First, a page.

Bake Sale Prices Based on Race and Gender at UT-Austin Causes Student Uproar

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*They call themselves the Young Conservatives of Texas club and they are in the news because earlier this week they headed over to the West Mall area of the University of Texas-Austin — where free speech is encouraged — and held what they called an “Affirmative Action Bake Sale.” That all sounds well and good, until you see the Black kid standing next to the white kid is paying a different price. And the Asian girl standing behind the Hispanic dude is too.

Say what, you ask?

According to the Dallas Morning News, cookie prices ranged from “free for American Indians of both genders, 50 cents for African Americans, $1 for white males, and $1.50 for Asian males.”

The UT-Austin students say they were protesting “institutionalized racism” of university level affirmative action.

Now, I’m going to quote a line from a Rihanna song here: “Don’t get it twisted.”

I mean, what with the whole “affirmative action” tag you might actually be thinking this group of “conservative” students are probably showing support for students of color; those who affirmative action was actually designed for.

To this notion I say…

Nah.

It’s highly doubtful that Black or Brown students were anywhere near their brain cells. You might need a chaser for this straight shot I’m about to give ya — but plainly put, UT-Austin ain’t bowing down low enough to white privilege, and this is pissing these young conservatives off!

UT-Austin remains in the forefront of affirmative action and eyes have been focused on them ever since they were sued by a Caucasian female student who was denied admission.

Abigail Fisher’s years long legal battle with the school was initiated by claims that she wasn’t accepted to UT-Austin due to the school’s “holistic” admissions criteria, which includes looking at students’ characteristics including race.

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Her lawsuit reached the U.S. Supreme Court, but to no avail. The justices sided in favor of UT-Austin’s admissions policy.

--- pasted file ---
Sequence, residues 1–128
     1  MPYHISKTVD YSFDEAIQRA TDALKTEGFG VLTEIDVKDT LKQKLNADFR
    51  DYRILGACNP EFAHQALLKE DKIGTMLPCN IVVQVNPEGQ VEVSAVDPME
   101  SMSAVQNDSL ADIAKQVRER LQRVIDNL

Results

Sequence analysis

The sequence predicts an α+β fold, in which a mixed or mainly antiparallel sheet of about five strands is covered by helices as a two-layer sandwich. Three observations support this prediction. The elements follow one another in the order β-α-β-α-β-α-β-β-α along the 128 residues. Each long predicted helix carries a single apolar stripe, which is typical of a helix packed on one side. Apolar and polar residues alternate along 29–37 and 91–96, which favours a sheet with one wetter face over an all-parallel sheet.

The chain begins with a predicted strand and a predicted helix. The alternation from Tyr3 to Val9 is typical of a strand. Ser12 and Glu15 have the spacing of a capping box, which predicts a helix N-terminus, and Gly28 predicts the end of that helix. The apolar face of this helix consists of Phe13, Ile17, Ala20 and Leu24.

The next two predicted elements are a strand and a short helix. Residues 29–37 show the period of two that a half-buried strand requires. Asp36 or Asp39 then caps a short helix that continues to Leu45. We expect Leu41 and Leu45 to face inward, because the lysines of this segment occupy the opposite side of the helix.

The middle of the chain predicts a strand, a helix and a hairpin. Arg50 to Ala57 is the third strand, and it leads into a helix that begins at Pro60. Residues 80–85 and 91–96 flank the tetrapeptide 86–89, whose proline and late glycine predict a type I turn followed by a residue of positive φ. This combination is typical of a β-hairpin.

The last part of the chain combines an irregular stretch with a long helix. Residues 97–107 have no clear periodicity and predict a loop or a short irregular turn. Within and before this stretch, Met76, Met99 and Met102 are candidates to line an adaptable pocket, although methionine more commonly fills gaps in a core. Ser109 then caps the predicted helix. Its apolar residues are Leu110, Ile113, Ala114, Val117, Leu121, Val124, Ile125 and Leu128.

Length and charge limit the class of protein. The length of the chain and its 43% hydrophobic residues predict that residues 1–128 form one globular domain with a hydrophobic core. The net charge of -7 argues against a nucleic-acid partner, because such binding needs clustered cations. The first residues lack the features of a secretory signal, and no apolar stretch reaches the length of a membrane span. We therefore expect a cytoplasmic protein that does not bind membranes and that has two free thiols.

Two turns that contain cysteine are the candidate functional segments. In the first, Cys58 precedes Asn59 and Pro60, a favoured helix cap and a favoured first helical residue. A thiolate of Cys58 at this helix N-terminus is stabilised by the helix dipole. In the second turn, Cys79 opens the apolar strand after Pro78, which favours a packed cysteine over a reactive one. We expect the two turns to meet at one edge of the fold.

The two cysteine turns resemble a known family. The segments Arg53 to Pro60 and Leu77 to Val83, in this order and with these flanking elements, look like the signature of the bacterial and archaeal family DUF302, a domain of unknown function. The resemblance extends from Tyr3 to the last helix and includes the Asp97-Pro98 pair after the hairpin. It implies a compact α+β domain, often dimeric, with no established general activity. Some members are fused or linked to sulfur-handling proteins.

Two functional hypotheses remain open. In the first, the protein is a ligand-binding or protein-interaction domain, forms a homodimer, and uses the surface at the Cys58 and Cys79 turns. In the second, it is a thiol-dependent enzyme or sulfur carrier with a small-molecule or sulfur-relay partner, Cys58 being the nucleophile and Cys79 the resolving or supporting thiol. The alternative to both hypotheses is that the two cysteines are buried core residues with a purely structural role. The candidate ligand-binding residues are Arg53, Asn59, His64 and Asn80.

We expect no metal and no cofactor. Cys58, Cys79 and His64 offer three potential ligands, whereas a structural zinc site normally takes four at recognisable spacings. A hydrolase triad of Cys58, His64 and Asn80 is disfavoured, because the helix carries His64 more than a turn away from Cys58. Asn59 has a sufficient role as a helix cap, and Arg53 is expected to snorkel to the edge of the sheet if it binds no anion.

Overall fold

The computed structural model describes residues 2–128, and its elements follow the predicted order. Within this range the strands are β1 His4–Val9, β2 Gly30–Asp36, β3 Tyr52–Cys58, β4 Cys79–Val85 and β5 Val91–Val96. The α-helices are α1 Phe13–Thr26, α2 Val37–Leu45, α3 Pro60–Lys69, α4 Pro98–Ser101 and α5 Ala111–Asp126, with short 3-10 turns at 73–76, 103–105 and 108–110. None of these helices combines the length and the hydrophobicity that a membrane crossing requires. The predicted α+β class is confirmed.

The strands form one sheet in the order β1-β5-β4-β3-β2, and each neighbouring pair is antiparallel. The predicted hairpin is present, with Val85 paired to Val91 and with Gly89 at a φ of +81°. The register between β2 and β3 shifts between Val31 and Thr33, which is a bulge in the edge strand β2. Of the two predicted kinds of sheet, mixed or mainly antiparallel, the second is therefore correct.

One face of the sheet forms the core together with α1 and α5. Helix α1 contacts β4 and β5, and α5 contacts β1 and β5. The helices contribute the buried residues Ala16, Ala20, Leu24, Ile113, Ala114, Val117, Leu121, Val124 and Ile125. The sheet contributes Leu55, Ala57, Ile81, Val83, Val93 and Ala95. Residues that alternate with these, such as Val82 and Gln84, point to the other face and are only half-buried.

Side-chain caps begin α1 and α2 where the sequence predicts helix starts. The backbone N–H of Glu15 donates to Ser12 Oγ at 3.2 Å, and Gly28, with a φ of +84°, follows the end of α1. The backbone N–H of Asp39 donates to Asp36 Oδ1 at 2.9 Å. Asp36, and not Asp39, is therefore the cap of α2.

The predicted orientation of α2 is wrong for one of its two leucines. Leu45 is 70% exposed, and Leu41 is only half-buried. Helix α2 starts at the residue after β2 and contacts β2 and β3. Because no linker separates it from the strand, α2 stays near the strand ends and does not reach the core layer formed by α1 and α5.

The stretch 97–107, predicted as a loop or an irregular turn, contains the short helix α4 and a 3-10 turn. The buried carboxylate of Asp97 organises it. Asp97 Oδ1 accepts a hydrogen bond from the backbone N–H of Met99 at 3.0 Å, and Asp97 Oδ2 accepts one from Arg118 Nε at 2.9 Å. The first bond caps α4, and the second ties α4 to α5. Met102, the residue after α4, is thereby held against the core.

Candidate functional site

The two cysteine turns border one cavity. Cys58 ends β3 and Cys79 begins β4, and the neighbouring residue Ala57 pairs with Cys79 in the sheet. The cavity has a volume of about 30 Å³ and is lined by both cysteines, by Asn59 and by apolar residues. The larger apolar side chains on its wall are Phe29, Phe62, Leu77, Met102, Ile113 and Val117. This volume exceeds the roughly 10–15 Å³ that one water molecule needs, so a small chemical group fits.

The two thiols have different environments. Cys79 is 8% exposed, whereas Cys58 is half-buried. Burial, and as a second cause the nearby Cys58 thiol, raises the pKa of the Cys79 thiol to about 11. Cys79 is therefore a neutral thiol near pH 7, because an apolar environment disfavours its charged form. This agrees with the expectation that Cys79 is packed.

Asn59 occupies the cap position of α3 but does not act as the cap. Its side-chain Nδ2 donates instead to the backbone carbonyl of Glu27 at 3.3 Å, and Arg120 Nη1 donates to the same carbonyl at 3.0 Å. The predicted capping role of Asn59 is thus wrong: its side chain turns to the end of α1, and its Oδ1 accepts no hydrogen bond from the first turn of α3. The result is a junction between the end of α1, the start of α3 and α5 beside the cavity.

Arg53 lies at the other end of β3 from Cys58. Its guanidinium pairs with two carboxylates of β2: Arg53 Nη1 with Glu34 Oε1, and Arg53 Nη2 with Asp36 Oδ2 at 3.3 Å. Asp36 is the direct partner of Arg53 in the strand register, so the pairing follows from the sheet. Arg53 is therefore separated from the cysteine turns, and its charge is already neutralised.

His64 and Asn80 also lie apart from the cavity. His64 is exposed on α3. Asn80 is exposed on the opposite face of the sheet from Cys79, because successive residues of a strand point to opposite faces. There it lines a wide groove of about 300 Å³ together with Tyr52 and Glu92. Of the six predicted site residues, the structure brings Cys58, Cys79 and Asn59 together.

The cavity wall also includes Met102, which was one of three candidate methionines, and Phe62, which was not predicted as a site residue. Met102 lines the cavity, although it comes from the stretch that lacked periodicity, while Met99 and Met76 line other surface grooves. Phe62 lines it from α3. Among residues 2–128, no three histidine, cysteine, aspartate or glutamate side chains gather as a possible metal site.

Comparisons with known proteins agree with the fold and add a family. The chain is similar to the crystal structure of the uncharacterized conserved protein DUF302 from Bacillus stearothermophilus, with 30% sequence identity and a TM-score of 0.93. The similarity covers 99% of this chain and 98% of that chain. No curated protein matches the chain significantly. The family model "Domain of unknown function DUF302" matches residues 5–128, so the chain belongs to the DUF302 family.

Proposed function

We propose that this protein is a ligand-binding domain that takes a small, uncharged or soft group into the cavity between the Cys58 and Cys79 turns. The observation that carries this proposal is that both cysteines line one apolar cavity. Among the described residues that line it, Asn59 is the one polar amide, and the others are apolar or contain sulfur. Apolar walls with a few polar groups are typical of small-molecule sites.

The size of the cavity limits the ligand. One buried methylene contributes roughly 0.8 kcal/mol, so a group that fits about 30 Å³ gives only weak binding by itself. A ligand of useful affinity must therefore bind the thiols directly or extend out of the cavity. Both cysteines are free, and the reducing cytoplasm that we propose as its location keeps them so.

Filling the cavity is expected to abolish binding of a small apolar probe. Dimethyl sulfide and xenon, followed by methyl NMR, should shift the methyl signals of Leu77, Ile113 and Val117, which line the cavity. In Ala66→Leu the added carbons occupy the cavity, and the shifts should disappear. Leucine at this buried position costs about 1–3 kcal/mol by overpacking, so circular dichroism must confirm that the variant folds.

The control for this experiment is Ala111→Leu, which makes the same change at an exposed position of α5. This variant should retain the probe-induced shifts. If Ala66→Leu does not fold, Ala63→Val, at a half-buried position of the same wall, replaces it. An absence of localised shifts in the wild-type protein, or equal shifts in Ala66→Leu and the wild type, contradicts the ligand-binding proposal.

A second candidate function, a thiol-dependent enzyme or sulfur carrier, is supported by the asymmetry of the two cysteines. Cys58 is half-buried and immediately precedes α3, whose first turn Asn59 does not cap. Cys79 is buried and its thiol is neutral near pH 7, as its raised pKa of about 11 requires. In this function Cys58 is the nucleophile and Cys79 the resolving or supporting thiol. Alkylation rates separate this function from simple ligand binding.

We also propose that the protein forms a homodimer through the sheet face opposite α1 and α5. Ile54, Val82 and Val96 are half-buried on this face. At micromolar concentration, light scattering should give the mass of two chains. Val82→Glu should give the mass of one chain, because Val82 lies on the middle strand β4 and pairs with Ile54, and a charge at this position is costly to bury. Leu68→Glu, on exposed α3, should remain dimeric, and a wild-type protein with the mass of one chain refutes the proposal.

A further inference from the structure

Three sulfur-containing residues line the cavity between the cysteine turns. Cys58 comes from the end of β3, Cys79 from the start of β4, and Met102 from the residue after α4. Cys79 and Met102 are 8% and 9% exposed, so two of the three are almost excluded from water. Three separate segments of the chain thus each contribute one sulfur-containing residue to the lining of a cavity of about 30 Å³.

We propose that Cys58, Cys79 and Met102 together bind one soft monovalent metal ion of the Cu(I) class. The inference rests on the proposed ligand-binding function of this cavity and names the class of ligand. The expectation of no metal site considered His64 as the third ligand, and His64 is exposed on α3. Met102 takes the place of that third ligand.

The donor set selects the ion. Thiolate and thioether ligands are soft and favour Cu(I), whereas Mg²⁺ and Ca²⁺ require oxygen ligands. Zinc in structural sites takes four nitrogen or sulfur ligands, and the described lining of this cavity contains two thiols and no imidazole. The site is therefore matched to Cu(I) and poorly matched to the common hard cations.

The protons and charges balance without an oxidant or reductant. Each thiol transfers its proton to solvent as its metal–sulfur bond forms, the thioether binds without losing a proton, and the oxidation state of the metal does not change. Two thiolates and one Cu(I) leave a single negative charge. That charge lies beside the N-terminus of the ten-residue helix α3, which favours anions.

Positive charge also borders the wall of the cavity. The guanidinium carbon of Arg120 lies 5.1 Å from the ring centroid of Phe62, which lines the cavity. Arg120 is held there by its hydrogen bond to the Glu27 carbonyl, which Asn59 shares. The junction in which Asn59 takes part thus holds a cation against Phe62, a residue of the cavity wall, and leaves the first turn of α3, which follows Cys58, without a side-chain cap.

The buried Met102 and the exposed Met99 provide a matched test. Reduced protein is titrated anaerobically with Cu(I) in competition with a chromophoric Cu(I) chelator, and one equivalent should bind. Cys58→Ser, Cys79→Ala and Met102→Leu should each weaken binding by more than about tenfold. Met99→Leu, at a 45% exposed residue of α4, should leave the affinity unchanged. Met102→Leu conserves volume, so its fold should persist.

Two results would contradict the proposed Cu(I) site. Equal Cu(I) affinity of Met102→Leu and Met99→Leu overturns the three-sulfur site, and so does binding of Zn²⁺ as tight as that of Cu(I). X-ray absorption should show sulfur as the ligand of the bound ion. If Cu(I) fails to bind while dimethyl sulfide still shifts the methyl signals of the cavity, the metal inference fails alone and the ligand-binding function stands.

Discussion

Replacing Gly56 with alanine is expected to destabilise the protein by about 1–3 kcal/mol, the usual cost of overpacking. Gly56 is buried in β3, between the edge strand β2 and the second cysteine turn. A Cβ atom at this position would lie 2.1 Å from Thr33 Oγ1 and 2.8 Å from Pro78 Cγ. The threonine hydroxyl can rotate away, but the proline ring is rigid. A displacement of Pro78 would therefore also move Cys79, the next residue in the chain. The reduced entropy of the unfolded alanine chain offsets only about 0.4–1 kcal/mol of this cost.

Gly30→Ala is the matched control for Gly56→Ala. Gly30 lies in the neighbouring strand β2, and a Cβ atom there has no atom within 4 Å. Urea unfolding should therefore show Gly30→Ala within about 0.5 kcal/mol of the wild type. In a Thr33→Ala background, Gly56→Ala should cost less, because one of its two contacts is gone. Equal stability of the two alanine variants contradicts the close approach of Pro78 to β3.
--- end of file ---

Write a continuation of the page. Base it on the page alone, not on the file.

No doubt THIS was more along the lines of inspiration for this bake sale/protest.

Oh yeah, about that. Students not in the UT-Austin club were not amused or impressed. They came (by the hundreds). They saw.  They left… chanting “check your privilege!”

Vidal Castañeda, the club chairman, told the Dallas Morning News, “Our protest was designed to highlight the insanity of assigning our lives value based on our race and ethnicity, rather than our talents, work ethic and intelligence,” “It is insane that institutional racism, such as affirmative action, continues to allow for universities to judge me by the color of my skin rather than my actions.”

Gregory J. Vincent, UT-Austin’s vice president for diversity and community engagement, called the bake sale “deplorable” and added “inflammatory and demeaning.” 

He adds that “…focusing our attention on the provocative nature of the YCT’s actions ignores a much more important issue: They create an environment of exclusion and disrespect among our students, faculty and staff.” 

Vincent didn’t take issue with the students protesting, it’s how they went about it that bothered him. He questioned their intent.

“In seeking an audience for their ideas, the YCT resorted to exercising one of the university’s core values to the detriment of others, he said. “Such actions are counterproductive to true dialogue on our campus, and it is unrepresentative of the ideals toward which our community strives.”

A petition opposing the bake sale/protest against affirmative action was drawn up by UT-Austin students and has gained upwards of 800 signatures, according to  The Daily Texan.

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